Supermarket food lessons to combat obesity and diabetes

NHS Manchester and Manchester council are rolling out an innovative scheme which offers families of overweight children lessons on how to eat healthily. The supermarket teaching programme is being offered by MEND, a social enterprise organisatio, to encourage children and families to replace unhealthy convenience foods with fresher, home cooked options.
The MEND (Mind, Exercise, Nutrition … Do it!) Programme offers one to one advice on how to recognise a healthy weight, taking part in nutrition workshops, learning what to read on food labels and how to put a balanced diet together.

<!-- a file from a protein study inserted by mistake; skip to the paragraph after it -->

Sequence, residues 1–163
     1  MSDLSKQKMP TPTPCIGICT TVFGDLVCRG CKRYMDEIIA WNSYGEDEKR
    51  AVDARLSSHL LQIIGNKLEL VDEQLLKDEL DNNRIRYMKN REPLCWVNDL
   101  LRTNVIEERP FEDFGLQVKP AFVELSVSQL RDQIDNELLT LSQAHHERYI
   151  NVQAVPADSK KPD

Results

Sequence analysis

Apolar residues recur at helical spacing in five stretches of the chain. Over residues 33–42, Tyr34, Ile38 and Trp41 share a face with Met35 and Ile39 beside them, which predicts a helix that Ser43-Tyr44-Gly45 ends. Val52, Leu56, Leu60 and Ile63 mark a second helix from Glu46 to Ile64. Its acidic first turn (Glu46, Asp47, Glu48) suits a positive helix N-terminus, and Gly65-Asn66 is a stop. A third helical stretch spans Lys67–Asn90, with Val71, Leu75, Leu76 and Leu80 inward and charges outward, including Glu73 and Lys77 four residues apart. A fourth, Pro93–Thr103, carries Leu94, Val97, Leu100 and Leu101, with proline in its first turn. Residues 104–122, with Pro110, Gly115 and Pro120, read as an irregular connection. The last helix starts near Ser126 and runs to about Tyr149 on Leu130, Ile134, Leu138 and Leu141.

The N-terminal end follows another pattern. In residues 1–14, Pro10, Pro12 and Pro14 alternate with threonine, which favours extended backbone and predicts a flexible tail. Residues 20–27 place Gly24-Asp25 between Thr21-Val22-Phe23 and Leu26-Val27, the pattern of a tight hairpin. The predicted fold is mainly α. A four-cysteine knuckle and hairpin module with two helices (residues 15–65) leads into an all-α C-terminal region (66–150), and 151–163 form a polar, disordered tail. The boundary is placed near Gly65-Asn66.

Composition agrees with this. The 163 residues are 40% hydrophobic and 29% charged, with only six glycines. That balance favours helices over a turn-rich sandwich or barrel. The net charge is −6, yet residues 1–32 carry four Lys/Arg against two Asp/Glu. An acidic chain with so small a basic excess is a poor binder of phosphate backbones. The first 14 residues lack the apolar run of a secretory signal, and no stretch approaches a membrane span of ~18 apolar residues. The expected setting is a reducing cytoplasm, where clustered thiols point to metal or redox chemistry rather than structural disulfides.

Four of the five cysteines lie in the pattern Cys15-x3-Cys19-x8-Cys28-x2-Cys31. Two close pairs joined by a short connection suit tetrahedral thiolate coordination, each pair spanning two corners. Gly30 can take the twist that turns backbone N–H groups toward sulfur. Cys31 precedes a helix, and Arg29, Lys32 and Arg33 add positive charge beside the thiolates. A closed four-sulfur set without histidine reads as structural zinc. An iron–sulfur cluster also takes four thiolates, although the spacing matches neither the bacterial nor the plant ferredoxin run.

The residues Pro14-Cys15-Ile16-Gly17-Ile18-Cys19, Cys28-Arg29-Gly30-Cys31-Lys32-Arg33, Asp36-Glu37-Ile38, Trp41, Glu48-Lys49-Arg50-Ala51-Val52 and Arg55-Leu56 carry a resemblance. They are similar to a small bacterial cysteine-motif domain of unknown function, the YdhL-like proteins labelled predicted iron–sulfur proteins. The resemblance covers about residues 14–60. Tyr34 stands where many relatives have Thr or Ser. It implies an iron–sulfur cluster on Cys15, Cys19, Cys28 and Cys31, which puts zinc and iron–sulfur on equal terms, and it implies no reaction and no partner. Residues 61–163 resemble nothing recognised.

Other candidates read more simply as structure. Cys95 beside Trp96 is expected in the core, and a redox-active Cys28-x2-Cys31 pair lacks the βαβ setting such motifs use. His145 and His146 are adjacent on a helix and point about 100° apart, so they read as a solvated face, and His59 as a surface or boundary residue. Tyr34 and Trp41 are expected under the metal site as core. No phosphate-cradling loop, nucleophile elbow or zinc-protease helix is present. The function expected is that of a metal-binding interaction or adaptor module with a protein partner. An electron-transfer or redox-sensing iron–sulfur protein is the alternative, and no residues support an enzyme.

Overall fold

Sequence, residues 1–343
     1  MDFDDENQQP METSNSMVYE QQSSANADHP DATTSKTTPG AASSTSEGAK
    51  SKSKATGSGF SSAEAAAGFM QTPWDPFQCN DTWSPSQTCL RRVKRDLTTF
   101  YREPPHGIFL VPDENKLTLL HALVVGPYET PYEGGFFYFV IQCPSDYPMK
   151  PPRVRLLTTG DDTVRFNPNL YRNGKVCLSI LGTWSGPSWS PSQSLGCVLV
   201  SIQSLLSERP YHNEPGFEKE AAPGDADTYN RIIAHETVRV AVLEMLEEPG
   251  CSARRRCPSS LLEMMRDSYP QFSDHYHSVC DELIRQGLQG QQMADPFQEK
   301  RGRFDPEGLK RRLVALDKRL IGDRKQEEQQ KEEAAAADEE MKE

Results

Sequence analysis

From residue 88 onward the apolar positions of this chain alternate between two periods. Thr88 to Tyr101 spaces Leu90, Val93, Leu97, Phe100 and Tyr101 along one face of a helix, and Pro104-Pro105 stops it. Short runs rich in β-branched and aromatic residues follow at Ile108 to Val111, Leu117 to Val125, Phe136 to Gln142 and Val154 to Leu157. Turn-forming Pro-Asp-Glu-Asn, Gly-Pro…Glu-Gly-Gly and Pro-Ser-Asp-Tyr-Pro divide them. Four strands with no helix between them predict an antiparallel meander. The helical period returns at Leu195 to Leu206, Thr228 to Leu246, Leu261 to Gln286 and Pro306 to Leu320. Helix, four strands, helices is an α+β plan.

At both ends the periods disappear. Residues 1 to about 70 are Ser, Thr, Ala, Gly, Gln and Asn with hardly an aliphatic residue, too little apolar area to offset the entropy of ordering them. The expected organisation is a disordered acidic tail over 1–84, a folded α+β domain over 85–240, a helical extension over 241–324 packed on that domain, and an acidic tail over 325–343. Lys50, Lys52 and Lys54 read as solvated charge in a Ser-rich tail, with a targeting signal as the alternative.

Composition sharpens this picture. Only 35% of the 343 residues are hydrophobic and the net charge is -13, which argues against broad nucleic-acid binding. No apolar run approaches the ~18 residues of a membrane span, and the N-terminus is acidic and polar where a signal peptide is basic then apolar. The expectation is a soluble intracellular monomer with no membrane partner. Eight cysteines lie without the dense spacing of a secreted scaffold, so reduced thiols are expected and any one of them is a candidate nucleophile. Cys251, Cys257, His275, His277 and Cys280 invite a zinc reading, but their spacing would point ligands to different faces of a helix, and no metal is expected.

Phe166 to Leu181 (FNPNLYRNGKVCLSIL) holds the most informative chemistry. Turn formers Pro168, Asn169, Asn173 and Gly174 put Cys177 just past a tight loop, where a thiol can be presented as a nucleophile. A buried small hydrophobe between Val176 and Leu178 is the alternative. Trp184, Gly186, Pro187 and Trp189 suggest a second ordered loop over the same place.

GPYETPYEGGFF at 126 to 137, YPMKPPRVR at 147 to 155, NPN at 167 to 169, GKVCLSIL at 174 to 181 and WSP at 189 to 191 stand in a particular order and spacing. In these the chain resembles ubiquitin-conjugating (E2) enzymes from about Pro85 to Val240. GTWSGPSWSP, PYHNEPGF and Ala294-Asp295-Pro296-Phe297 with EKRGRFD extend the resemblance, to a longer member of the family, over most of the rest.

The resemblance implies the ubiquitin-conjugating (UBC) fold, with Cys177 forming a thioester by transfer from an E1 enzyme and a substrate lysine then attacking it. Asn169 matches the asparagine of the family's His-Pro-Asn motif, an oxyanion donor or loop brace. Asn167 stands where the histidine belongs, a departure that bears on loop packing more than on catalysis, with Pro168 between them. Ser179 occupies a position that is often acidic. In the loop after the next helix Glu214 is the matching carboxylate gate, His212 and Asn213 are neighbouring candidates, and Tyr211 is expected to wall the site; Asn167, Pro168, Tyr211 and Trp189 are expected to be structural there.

Obesity and children is a growing problem in the UK, with research indicating that the weight of children at an early age is a key determinant towards their later weight and health. The risk of type 2 diabetes is greatly increased as a result of childhood or adolescent obesity.
The programmen, originally devised between the Great Ormond Street Hospital and University College London, usually costs £400 per family, but under the Manchester schemen, families who qualify will be offered the course for free. The cost of the lessons may sound like a high price to pay but obesity is estimated to cost the NHS £2 billion a year and the overall effect of obesity on the UK economy is thought to be around £7 billion.

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